The moment comes way too soon. One minute you’re hosting sleepovers and kissing the owies away and the next you’re looking through endless lists of college possibilities. However, regardless of the path you and your child have traveled to this point, nothing has the power to snap you into the reality of the here-and-now quite like preparing her for college.
This is my second go-round, so hopefully I am a little more prepared than the first time. For the next year and a half, I thought I would chronicle some of my experiences for those of you who are yet uninitiated to the process. Hopefully, this will give you a little something to stand on, because the whole process can be shaky ground for the newbie parent.
Some of the idealists in the crowd may ask, “Shouldn’t the checklist be for the student?” The answer to this question
is yes and a resounding no! While it ultimately is your child who will matriculate at one of our nations’ s fine institutes of higher learning, the average parent will have spent more than her share of time, and sometimes tears, to get them there.
Yes, there are those rare kids who do everything on their own. I have had some funny conversations with fellow moms who had those kinds of kids who handled everything themselves. They explained how they were lulled into thinking this whole college prep thing was a piece of cake up until their second, typical child came along to mess up their whole apple cart. More often than not, you will have to be an integral part of the process and yes, it’s a labor of love.
Is the process more complex than it used to be? It sure seems like it. Looking back on my own experience, I don’t remember even thinking about college until my senior year and then, I just looked at a few area schools and made my pick. But these days, just as everything else, the process has gotten a lot more complicated.
Parent Checklist for College: Junior Year
College Entrance Exams
Now, the preparation starts much earlier with standardized testing in the Spring of their Junior year. Typically, high school juniors should sign up to take the ACT or the SAT, or both, during the second semester of their 11th grade year.
The ACT and SAT are college entrance tests that all college-bound students must take. Although your child only has to take one or the other, there is a strong case for having your child take both tests at least once.
Your child should have 4 colleges in mind when they register for the tests, because each test will send results to up to to 4 colleges free of charge. Remember, this decision must be noted prior to the release of scores or you will have to pay for each and every result to be sent to perspective colleges. These costs can really add up!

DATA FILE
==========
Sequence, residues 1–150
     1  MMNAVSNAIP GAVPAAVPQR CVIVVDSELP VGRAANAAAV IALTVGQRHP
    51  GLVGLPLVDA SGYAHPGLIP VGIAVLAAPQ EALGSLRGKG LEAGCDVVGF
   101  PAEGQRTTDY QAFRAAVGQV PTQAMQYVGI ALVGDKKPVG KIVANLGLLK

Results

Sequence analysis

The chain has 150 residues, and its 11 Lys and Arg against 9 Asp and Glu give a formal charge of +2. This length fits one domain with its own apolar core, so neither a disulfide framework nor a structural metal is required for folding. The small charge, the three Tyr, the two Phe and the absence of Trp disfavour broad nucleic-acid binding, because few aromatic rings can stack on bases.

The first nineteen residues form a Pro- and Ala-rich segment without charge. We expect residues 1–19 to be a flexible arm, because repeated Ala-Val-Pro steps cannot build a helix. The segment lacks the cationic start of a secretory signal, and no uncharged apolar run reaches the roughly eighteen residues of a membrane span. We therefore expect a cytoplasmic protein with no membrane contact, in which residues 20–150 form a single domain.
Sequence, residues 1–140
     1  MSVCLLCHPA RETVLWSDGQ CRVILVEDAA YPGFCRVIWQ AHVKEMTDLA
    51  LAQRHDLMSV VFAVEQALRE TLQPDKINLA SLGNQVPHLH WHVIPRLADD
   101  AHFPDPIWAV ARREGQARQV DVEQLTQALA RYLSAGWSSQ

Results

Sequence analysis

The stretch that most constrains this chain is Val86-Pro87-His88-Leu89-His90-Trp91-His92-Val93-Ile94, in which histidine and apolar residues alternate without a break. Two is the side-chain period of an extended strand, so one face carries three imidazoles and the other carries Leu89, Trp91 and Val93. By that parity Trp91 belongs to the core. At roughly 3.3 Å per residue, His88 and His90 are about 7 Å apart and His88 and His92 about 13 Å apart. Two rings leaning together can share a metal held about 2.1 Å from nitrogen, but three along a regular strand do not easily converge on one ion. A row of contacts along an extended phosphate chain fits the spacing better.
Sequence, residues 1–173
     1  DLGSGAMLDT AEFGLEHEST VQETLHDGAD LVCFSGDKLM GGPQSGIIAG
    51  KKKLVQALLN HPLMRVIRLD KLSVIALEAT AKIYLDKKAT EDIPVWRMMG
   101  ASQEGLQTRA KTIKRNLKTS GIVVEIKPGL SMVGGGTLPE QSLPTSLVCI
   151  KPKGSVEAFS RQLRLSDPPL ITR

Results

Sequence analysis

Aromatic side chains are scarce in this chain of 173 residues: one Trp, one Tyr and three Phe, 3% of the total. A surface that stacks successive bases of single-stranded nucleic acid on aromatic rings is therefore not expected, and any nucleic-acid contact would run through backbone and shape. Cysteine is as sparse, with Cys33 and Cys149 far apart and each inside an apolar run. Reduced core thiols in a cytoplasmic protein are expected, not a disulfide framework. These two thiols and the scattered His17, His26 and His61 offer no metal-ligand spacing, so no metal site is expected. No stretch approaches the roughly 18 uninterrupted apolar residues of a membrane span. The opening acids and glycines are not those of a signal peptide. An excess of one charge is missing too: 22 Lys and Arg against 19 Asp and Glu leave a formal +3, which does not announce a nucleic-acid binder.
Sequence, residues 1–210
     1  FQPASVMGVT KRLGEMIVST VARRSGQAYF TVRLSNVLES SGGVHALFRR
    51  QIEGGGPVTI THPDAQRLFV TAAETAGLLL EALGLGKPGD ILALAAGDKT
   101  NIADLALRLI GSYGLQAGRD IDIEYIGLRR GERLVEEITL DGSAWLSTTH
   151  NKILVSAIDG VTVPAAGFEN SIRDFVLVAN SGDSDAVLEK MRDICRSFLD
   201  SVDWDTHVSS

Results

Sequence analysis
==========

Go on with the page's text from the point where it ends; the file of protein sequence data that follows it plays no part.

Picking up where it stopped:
When my son went through the process a few years ago, a veteran mom informed me that her kids took both tests because each test is designed around different philophies. The ACT (American College Test) tests the students current knowledge, while the SAT ( Scholastic Aptitude Test) tests their aptitude or potential for knowing. Consequently, one test has the potential to better suit your child and their learning style than the other. Thus, you have them take both.
For the SAT, you will register through the College Board website.
The nice thing about college board is that once you have logged in and registered, this is also the place you go to access advanced placement grades, as well as, register for clep tests.
For the ACT, you can go to The ACT website.
Preparation for these tests is not one size fits all. It depends a lot on your child and your chosen philosophy. Some students extensively prepare with paid tutors and classes while others use their first attempt to establish a baseline of their abilities.
It depends a lot on the type of universities your child hopes to apply for. If she has her eye on the top-tier universities, then it is advisable to do some preparation prior to test day. Also, keep in mind that these test scores are also the benchmark for a lot of academic scholarships.
Determining Senior Schedule
One other important consideration for high school juniors is determining their senior class schedule. It can be tempting for a student to want to coast for their senior year. However, selective colleges put a lot of weight on the senior class schedule. They want to see students challenge themselves during their senior year.
Also, sit down and talk to your child about their extra-curricular and service experience. If there are gaps, they still have time to find activities and opportunities to round out their experience before it’s time to fill out college applications.
This is one experience most of us parents share. If you have some advice for Junior year that I did not include, please share it so everyone can benefit; including me.